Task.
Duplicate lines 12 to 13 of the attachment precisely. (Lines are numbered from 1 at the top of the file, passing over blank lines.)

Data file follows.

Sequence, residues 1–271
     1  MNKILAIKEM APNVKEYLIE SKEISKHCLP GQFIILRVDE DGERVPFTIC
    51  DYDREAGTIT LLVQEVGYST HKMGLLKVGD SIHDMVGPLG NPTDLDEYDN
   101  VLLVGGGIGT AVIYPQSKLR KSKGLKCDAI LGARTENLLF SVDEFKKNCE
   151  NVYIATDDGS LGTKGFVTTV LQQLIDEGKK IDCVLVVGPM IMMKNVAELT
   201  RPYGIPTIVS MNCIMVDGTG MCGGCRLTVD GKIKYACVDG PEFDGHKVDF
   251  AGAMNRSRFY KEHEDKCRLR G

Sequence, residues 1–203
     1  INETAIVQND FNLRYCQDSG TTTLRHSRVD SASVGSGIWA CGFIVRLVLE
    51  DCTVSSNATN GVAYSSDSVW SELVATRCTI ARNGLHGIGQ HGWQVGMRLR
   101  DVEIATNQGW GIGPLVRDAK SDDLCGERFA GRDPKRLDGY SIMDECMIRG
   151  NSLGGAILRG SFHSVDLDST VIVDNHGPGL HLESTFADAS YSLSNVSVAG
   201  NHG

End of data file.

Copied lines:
   151  NSLGGAILRG SFHSVDLDST VIVDNHGPGL HLESTFADAS YSLSNVSVAG
   201  NHG